“Instead of teachers standing up and lecturing content to students to memorize, the teachers lead them in a process where the students are encouraged to gather and interpret information,” she says.
Audra Kressler, senior at Homer High School, whose presentation focused on the Magic Clouds Balloon Corp. in Battle Creek.Cotton, who led the launch in August of a Voices of Youth program with youth in Battle Creek, says any form of youth engagement reverberates throughout the community, especially when the focus is on social impact issues. The collaboration with the CACC put the focus on the voices of the students and gave them a platform to have their voices heard.
“I wanted youth to highlight their focus areas,” Cotton says. “I wanted them to be expressive. I knew that this was a graphic design class and I wanted them to use whatever approach they wanted to use to highlight something positive.”
As Cotton and Hart saw, the students' approaches were creative and used writing, animation, and drawing to express themselves. Cotton will be working with the students to refine their presentations so that their work could be a resource with action steps for the community.
Paul Schutt, co-founder of Issue Media Group, Second Wave's parent company, says the idea of the VOY program arose in the southeast Michigan and Detroit area, pre-pandemic. In "conversations among community members, there was a concern that young folks, youth, are disconnected from local news; that they have a pretty good handle of what's going on at a national level, but they just don't really track what's going on in the local news as well."
The concern was, Schutt says, "could this lack of connection lead to a lack of civic engagement on really important issues in the community?"
Cotton says he wants young people to have opportunities to write and draw and create about issues that are important to them as a way to express themselves and connect with others who may be concerned about the same things they are.
The students and their presentation topics were:

Simon Collyer: Athens High School - Holy Childhood, the longest-running Native American boarding school.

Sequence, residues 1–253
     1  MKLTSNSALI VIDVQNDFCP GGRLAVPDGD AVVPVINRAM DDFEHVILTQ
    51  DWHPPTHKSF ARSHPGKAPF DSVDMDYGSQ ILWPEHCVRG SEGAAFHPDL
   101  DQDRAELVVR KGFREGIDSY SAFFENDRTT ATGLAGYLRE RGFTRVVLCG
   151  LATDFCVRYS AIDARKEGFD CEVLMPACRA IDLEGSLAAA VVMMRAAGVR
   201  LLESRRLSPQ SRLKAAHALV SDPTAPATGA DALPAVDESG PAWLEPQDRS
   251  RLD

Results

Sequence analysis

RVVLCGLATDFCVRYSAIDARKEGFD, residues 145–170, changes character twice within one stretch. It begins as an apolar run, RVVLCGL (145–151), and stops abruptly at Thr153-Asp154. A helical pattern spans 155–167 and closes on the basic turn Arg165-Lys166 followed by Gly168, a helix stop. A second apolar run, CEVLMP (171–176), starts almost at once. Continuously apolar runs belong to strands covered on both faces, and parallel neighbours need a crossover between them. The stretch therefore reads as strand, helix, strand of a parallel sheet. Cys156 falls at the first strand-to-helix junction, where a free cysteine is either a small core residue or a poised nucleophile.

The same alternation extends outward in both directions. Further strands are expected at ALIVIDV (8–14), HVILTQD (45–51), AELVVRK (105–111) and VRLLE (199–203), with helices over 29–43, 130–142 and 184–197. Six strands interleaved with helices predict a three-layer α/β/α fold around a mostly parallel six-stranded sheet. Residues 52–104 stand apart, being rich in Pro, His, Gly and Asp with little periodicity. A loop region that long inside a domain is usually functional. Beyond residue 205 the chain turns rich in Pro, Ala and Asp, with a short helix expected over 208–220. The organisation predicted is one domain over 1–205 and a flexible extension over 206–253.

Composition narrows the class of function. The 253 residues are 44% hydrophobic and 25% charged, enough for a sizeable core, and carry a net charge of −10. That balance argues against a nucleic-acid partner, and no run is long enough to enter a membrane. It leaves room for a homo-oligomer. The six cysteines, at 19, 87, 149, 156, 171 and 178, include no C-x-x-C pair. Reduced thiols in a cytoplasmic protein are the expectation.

Ivan Sanchez, Joshua Esquivel and Jared Scovel: all from Battle Creek Central High School - History of Downtown Battle Creek.

Sharnell Fabian Romero: BCC High School - BC Cargo and Margarita 1014, a store there.

Natalie Garcia: Olivet High School - Leila Arboretum.

Nathan Horton: Pennfield High School - Graphic Communications Technology at the CACC

Abigale Keown: Pennfield High School -The importance of small businesses.

Audra Kressler: Homer High School - Magic Clouds Balloon Co.

Alex Lakies: Lakeview High School - Station 66.

Gage McCrimmon: Olivet High School - Hosford House at Olivet College.

Loretha McDonald: BCC High School - Bringing Positivity to BC.

Hanna Nichols: BCC High School - Funding Performing Arts and VOTE!

Megan Owens: Marshall High School - Public Art.

Robynique Patton: Pennfield High School - There is a need for art in BC.

Jaelin Ramsey: Lakeview High School – The many resources at Willard Library.

Madison Sweeter: Tekonsha High School - Harvey’s Farm.

Robert Tate: BCC High School - A local Musician and BCC Senior, Tekeo.

Amyah Walker: Marshall High School - Marshall Skate Park.

Enrique Lerma: Marshall High School - The Dumps, a little-known mountain biking and hiking trail in Marshall.

Destini Bundy: Bellevue High School - The Ruins.

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Read more articles by Jane Parikh.

Jane Parikh is a freelance reporter and writer with more than 20 years of experience and also is the owner of In So Many Words based in Battle Creek. She is the Project Editor for On the Ground Battle Creek.